• Indego Africa then pools its profits from sales with donations to fund training programs – developed internally from the ground up – for the same women in management and entrepreneurshipliteracy,technology, and health.
  • Indego Africa hires top Rwandan university students from socially vulnerable backgrounds to administer its training programs.
  • Indego Africa has offices in New York City and Rwanda and is managed by a lean and diverse team with extensive experience in development, business, design, law, commerce, fashion, and Africa.
  • Indego Africa is a proud member of the Fair Trade Federation and the subject of a Harvard Business School case study.  – From the Indigo Africa website

My love of Africa is apparent in our home as well, in treasures that I brought back, and influences in our decorating style. The Indego Africa online catalog is full of the type of textured, colorful, and richly designed clothing, accessories and home goods that I love. Although I will most certainly go back for more (I’m looking at you batik top!) since we are in the process of decorating our home I selected an item from the housewares selection.  I chose a striking black and white woven bowl, and because I love the fabrics so much, I added a set of gorgeous handmade cards each with a different patterned fabric sewn on to my order.   I was surprised at how quickly my order arrived after it was placed. The bowl is amazing, and I will have a hard time actually parting with the note cards, so if you get one you know you are really special!  I am so excited to share this site with friends, and to have found a great new source for meaningful gifts that give back! To find out more about Indego Africa, the programs they offer, the impact they are having, and that you can contribute to, you can visit their website, like them on Facebook, follow them on Twitter and enjoy the eye candy on Pinterest.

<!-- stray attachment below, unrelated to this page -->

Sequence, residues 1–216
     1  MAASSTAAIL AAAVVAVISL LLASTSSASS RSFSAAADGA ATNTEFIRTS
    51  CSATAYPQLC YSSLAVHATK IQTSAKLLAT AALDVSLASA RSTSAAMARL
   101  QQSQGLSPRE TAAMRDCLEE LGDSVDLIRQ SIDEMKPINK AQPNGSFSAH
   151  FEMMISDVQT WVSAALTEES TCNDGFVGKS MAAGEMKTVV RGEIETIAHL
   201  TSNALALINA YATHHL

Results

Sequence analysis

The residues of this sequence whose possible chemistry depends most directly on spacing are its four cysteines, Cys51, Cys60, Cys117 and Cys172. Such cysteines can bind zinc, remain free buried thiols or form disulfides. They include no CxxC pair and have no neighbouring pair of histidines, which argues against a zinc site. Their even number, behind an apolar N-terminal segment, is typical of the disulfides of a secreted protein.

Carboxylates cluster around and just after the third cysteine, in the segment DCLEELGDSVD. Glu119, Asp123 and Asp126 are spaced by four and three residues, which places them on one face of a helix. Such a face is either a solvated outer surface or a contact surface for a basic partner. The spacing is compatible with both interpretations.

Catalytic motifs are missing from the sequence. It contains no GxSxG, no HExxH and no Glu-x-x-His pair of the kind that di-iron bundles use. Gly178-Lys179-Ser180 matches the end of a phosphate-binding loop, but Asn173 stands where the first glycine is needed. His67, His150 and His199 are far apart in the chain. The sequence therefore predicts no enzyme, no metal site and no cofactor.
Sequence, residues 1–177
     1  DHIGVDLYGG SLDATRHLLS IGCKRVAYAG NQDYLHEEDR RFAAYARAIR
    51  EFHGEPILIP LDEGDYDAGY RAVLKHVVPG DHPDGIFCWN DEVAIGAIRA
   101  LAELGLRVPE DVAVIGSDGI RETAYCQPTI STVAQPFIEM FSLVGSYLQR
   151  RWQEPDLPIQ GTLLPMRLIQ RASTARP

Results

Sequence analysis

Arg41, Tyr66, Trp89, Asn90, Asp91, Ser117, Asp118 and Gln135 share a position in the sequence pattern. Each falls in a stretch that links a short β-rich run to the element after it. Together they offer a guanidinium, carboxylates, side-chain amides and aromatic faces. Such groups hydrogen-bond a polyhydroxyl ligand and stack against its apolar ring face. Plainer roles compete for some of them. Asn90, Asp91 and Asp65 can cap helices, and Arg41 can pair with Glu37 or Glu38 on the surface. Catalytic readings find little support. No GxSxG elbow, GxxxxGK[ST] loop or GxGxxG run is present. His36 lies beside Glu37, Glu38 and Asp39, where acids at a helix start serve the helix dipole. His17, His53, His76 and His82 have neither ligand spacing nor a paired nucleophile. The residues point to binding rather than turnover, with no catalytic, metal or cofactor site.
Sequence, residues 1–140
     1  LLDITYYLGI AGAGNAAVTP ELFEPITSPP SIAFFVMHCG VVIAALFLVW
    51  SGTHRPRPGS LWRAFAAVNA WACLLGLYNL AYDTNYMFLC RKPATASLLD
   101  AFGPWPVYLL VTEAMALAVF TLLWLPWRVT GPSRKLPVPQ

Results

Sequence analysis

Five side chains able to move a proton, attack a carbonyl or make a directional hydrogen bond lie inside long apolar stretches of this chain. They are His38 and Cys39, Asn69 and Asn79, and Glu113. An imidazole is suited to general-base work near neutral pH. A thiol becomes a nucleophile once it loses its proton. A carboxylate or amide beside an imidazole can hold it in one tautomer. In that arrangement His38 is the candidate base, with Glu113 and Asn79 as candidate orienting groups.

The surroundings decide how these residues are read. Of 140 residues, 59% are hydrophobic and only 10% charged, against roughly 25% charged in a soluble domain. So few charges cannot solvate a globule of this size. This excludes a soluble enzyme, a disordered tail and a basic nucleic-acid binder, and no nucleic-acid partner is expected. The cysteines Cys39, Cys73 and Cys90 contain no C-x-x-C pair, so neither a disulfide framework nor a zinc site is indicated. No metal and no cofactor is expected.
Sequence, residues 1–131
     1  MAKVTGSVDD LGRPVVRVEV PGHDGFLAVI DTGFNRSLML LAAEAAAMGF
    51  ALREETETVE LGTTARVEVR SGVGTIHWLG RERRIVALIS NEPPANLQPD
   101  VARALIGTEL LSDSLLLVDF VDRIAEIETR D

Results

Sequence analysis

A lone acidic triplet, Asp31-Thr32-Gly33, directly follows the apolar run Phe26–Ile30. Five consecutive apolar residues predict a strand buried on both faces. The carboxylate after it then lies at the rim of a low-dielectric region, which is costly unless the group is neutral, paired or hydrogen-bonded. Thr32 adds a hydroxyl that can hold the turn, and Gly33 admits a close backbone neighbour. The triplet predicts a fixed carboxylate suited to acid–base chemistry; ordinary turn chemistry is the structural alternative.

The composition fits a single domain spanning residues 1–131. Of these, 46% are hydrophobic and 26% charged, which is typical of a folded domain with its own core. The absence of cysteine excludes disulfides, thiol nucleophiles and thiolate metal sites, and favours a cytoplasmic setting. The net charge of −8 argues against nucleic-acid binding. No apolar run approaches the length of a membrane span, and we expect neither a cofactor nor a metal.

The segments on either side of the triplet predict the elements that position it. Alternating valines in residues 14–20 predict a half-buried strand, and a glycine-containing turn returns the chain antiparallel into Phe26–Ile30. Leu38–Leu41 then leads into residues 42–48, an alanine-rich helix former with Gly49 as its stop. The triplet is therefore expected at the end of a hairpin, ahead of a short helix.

the pretty packet of cards

*I received a $75.00 Redeemable Gift Code to shop on the Indego Africa site for the purpose of this review. As always all of the opinions expressed in this post are my own and not swayed by outside influences. Indego Africa truly rocks.

Human trafficking: The Crime That Shames Us All

Human trafficking: The Crime That Shames Us All

Photo By Elizabeth Atalay

I am embarrassed to admit that prostitution was legal in Rhode Island until 2009, but still I remember my disbelief when I heard about the case of four young American women being held against their will as part of a human trafficking ring in Rhode Island last year.  I was driving in my car as the news came over the radio and when they mentioned the age of the girls involved I remember looking in the rear view mirror at my two daughters in the back seat.  They were not that far off from the ages mentioned, and looking at my own daughters’ young faces my chest clenched, these were children they were talking about.  No child should ever end up in that situation. Read the rest of this entry

Sea Of Glass

Sea Of Glass